Herbicide Application in Dry Weather – Rules of Thumb

See Dry Weather Weed Control on Manitoba Agriculture website for more details and complete recommendations and cautions.

Dry weather means both weeds and crops shift gears. Weed spectrums can be different,  post-emergent herbicides can  be less effective because weeds may have smaller leaves and/or thicker cuticles (waxy layer) that slows the penetration of herbicides.

Some herbicides withstand dry weather better than others so choose your product carefully. Here are some general guidelines on weed control during a dry period.

1. Remove weeds early.

2. Know your crop stage.

3.  Review the “Effects of Growing Conditions” section of each product in the Manitoba Agriculture Guide to Field Crop Protection to determine likely outcomes.

4. High Daytime temperatures can trigger crop injury in some herbicides.

5. Use full rates of herbicide.

6. Use higher water volumes.

7. Use split applications of broadleaf and grassy herbicides rather than tank mixing if the Guide to Field Crop Protection warns that antagonism can occur.

8. Check the forecast for rain – shallow, stressed crops roots may be impacted by herbicides moving into the root zone.

9. Compare the risk of crop injury to the risk of yield loss due to weed pressure.

 

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2018 Crop Diagnostic School

Registration is now open for the 2018 Crop Diagnostic School in Carman, MB.

School dates are July 10-13 and 17-19.

Topics this year will include insect scouting, dicamba drift, pea disease & soil erosion damage mitigation and others.

For more information see Crop Diagnostic School webpage

Registration can be called into 204-745-5663.

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Managing Water Hemlock in Hayland and Pasture

Like many carrot family weeds, spotted water hemlock populations in Manitoba have been spreading, likely due to wet conditions over the last several years. Managing populations in hayland and pasture is recommended since hemlock species are extremely poisonous to humans and livestock.

Identifying Spotted Water Hemlock

Proper identification is important since spotted water hemlock looks similar to water parsnip, another carrot family weed commonly found growing in wet areas across the province.

Managing Hemlock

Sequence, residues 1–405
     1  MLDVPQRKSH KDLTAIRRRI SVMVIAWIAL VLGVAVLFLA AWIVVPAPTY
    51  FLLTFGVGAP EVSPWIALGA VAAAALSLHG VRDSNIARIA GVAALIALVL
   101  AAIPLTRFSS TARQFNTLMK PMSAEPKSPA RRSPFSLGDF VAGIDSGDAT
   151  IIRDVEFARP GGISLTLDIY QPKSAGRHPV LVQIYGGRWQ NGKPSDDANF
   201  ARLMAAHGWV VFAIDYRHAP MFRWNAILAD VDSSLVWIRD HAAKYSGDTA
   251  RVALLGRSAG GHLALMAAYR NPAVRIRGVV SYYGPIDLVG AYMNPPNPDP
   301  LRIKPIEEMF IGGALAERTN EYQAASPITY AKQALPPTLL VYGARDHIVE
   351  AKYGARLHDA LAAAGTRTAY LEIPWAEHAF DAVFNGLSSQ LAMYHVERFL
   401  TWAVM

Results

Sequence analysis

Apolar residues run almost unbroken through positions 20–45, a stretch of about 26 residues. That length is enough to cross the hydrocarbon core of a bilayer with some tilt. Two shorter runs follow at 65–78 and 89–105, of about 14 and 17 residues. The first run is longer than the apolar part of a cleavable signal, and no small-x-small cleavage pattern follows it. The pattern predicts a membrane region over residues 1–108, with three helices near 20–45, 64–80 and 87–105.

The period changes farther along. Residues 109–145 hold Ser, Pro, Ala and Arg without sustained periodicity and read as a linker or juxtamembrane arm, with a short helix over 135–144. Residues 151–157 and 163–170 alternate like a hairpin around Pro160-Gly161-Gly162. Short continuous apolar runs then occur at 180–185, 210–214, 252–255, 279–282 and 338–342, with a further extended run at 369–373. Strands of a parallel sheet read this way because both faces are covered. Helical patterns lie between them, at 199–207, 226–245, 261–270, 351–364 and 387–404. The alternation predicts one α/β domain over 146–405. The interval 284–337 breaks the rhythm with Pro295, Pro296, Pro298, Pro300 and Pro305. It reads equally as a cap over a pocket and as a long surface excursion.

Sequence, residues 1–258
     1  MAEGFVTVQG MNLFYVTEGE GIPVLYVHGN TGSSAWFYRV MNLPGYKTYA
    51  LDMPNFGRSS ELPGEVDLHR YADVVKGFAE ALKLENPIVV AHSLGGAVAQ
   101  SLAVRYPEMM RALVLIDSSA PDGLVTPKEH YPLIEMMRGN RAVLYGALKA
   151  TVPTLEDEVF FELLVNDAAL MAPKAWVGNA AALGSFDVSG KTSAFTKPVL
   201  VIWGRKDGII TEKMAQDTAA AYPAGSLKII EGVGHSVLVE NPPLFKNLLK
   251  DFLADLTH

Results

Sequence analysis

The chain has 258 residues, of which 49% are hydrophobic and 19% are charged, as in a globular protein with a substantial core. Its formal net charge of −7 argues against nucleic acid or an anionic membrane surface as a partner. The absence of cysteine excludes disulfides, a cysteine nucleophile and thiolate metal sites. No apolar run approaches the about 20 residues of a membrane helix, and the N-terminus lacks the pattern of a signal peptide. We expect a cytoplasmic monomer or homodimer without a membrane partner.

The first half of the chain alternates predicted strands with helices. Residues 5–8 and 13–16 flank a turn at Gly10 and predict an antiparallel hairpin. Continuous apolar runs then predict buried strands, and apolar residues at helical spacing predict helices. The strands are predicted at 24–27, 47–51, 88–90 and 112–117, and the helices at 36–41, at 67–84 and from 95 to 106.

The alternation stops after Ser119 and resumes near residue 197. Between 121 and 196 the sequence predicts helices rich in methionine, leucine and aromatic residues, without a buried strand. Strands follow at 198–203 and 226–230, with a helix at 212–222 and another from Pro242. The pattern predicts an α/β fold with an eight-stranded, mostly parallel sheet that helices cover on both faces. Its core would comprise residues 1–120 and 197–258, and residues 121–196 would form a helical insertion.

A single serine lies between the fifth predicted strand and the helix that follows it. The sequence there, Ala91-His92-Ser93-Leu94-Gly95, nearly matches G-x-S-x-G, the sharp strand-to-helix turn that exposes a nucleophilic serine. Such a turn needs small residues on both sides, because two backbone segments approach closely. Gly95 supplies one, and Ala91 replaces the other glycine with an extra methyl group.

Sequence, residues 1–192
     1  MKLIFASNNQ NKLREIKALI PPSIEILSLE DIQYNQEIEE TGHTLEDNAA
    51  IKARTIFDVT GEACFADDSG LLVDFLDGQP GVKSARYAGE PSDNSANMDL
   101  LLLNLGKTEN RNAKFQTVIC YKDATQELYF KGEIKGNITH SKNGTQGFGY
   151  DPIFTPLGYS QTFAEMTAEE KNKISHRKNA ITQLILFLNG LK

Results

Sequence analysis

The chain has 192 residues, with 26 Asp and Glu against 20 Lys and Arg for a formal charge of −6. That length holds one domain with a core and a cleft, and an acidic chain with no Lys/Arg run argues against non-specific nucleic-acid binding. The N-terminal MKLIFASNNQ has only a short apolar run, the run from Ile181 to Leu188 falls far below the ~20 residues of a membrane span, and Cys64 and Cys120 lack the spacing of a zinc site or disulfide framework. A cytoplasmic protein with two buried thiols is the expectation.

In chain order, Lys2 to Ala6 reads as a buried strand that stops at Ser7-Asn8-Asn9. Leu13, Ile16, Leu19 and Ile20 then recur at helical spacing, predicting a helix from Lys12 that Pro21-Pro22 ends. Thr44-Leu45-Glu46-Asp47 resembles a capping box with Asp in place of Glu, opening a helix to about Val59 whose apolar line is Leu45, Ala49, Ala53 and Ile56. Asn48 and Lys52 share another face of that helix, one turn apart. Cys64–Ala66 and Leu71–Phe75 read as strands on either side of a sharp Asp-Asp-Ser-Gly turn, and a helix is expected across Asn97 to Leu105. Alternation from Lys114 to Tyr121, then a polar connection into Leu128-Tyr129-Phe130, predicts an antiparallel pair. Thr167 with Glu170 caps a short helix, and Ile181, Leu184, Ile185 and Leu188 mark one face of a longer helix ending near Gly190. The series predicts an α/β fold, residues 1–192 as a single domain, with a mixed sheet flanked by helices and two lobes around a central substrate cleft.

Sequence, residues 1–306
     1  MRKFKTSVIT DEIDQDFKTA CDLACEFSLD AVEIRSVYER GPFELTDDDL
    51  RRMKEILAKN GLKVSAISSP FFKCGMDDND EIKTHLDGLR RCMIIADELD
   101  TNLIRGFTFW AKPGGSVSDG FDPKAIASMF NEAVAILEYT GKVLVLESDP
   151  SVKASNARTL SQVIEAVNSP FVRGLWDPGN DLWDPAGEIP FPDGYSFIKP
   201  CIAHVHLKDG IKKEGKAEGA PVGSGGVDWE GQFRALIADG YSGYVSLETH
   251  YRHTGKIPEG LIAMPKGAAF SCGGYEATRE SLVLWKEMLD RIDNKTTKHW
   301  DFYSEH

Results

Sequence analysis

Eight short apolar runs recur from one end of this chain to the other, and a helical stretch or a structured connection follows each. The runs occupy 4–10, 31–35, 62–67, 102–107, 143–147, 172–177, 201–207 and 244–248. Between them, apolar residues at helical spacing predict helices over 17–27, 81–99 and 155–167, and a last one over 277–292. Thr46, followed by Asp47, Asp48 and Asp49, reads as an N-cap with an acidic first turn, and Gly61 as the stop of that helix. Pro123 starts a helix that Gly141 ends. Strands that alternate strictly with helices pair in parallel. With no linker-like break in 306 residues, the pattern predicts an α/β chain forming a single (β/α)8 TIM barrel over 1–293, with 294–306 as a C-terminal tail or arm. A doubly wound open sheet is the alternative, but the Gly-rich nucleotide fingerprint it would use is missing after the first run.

All parts of the hemlock plant are poisonous. Young leaves and re-growth after treatment may attract livestock, especially if other food sources are limited or less palatable.  Access to water hemlock by livestock should be restricted while populations are being managed.

The following methods can be used to control or suppress spotted water hemlock in hayland and pastures:

  • Hand pulling (wear gloves!). Pulled plants can be left in the sun to dry. Once dry, plants can be disposed of in an area away from people and livestock.
  • Repeated cutting or mowing.
  • Herbicide spot treatment or foliar application. Glyphosate, 2,4-D and picloram have activity on water hemlock. Refer to the label for grazing and haying restrictions.
  • Cultivation.

Feeding Hay and Greenfeed with Water Hemlock to Livestock

Feeding hay with some water hemlock in it to livestock is okay, according to research from the US, as long as the hay (and hemlock) is thoroughly dried.  The curing process allows the toxins in water hemlock to dissipate, reducing the risk of livestock poisoning.  Hay with water hemlock should either be fed last to allow for maximum dissipation of the toxins or occasionally interspersed with hay not contaminated with water hemlock.  If possible, contaminated hay should not be fed continuously to pregnant livestock, as there is evidence that chronic exposure to water hemlock toxins can result in birth defects.

Unlike hay, greenfeed contaminated with water hemlock should not be fed to livestock or used for silage or baleage.  Testing done in Oregon found that ensiling causes certain toxins to accumulate rather than dissipate and remain at levels that are unsafe for livestock consumption.

 

 

Need help with plant identification?

Pictures can be emailed to [email protected] or samples can be submitted to your local Manitoba Agriculture office (www.gov.mb.ca/agriculture/crops/crop-diagnostic-services/).

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It’s Probably Not Giant Hogweed

Because of our experience with crops and weeds, it’s no surprise that the general public often turns to agronomists for plant identification and management advice. And it’s usually about this time of year – when Ontario puts out giant hogweed advisories and big white umbels are in bloom across Manitoba – that these calls start to pour in.

Cow Parsnip

Fortunately, it’s probably not giant hogweed (Heracleum mantegazzianum) since that invasive species has yet to be found in our province.  It’s more likely another member of the carrot family – cow parsnip (Heracleum maximum).  Unlike its giant cousin, cow parsnip is native to Manitoba and non-invasive.  It’s also very attractive to pollinators.

But even though it’s probably not giant hogweed, it’s still best not to touch it. Because, much like its giant cousin, the sap of cow parsnip may cause dermatitis when in contact with exposed skin.  Symptoms include photosensitivity, a rash and/or blisters.  Reactions to cow parsnip sap are generally much less severe than those to giant hogweed sap.

Information on identification of cow parsnip and giant hogweed is available from Manitoba Agriculture.

 

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